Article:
With Columbia under a stay-at-home order, Vickie Spain is finding new ways to keep in touch with her friends and customers.
Spain, owner of Castaway Yarns yarn shop, took it upon herself to figure out a way she could stay in touch with her friends despite social distancing rules.
She quickly turned to using Zoom video meetings to create virtual knitting socials. The first gathering was last Thursday.
“I had a lot of ladies that come and hang out together at the shop throughout the week, most every day, so it’s kind of like a family there,” she said. “So I just knew that we would need to talk together at least once a week.”
The first social went well, hosting 28 women of a wide age range, according to Spain. Along with getting to see friendly familiar faces, Spain said there were also a few newcomers who hadn’t previously been able to join in-person socials because of scheduling conflicts.
According to Spain, the group worked on various projects, like her knit-alongs, which provide step-by-step instruction to knitting specific pieces. Many women also free-knit sweaters and shawls.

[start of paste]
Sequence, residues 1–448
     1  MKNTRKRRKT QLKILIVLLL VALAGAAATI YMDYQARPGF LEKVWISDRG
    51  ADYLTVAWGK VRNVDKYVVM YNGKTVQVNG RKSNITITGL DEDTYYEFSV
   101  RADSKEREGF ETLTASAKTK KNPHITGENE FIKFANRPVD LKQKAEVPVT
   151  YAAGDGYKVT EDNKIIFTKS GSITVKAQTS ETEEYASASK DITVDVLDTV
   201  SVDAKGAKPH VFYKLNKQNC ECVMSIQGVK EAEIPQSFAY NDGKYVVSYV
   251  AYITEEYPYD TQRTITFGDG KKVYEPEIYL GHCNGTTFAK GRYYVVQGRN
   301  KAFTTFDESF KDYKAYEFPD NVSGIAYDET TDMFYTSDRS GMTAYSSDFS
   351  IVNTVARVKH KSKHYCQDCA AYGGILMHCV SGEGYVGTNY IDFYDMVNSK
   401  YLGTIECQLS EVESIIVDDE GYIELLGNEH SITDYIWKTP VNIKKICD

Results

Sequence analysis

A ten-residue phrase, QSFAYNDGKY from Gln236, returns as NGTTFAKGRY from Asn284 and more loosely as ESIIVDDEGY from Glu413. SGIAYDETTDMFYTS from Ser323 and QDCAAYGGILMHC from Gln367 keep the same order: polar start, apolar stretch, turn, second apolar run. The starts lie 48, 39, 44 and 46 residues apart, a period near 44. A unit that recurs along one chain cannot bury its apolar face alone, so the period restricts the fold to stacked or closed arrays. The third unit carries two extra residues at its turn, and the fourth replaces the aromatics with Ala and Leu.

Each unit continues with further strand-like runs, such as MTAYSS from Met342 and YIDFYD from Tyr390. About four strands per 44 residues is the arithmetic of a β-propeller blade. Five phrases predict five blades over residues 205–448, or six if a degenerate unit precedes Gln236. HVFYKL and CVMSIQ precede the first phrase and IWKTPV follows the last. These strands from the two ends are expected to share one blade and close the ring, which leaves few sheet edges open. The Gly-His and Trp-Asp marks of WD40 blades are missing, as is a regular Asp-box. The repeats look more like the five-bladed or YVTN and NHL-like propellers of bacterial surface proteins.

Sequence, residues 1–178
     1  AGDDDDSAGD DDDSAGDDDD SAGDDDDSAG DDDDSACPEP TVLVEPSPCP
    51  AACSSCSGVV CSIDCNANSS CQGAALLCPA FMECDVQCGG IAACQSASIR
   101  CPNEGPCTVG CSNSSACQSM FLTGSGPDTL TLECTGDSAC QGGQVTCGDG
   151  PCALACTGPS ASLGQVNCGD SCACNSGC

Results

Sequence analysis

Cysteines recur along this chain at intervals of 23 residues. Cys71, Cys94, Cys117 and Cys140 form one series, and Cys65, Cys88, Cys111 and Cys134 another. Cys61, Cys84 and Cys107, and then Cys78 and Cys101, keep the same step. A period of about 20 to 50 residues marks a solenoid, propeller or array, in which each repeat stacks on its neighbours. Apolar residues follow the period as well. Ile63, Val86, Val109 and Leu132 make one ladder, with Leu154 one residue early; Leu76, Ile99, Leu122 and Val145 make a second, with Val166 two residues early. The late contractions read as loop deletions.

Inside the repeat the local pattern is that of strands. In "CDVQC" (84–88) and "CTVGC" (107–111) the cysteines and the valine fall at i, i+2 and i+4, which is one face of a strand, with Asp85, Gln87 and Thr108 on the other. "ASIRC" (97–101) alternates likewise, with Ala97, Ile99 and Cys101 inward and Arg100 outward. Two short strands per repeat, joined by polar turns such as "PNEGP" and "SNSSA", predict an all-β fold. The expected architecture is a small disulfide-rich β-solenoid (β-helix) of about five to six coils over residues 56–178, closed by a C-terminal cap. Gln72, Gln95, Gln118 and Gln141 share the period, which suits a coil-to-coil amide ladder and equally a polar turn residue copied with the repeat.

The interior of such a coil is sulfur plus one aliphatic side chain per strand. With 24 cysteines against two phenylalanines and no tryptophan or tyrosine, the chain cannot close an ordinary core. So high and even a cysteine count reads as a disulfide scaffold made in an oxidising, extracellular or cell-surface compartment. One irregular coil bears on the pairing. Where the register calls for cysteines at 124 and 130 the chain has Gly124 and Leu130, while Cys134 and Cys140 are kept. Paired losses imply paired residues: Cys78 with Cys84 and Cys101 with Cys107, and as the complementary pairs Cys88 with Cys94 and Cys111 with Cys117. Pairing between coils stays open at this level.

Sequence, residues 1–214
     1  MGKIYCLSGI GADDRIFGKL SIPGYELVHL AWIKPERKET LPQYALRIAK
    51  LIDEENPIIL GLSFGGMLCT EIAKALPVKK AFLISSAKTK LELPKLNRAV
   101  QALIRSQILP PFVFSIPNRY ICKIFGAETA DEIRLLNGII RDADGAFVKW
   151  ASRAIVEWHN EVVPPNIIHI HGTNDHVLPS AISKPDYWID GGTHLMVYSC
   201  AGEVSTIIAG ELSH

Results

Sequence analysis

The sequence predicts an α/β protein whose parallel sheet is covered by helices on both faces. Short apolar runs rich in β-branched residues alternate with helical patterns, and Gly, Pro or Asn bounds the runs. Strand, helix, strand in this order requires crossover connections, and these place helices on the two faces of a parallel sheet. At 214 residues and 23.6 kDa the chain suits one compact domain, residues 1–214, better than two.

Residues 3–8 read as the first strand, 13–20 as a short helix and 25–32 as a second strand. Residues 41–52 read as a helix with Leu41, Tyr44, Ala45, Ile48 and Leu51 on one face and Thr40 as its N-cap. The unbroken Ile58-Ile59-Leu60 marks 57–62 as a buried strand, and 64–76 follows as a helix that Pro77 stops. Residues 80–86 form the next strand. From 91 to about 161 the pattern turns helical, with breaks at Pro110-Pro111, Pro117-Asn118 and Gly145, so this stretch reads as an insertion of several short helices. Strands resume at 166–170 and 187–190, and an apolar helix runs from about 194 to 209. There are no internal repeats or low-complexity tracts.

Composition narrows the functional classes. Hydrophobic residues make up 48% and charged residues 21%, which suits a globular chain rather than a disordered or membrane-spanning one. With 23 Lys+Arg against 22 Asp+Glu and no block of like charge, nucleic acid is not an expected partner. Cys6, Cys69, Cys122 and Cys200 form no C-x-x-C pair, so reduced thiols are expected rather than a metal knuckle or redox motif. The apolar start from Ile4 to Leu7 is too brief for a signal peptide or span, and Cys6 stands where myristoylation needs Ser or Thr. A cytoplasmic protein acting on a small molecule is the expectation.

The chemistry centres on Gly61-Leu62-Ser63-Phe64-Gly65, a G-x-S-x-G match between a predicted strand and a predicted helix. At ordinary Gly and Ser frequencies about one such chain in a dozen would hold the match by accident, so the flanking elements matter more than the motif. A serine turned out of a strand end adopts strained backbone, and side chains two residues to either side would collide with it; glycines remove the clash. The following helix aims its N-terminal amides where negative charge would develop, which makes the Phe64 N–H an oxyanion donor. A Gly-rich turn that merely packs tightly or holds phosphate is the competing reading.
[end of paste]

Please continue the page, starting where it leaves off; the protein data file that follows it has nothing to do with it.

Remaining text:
Although the Zoom socials are centered around knitting, Spain said the best parts are getting to see each other’s faces and the conversations they get to have.
It creates a positive environment, despite how easy it can be to focus on the fear and negativity that seemingly runs the world right now, she said.
“It’s a lot of laughing and joking around and holding each other up if something’s going on,” Spain said.
The knitting social was well-received by participants like Kendra Feltych, who has been knitting for 61 years.
“The main reason I knit in a group is for the socializing,” she said. “Zoom made available a way for us to be social again.”
Although Feltych admits she doesn’t get as much done as when she knits alone, the camaraderie allows those in the group to accomplish more on a personal level.
“With our situation the way it is, you feel isolated real fast,” she said. “Even though I was in my living room all by myself, I felt like I was part of a community.”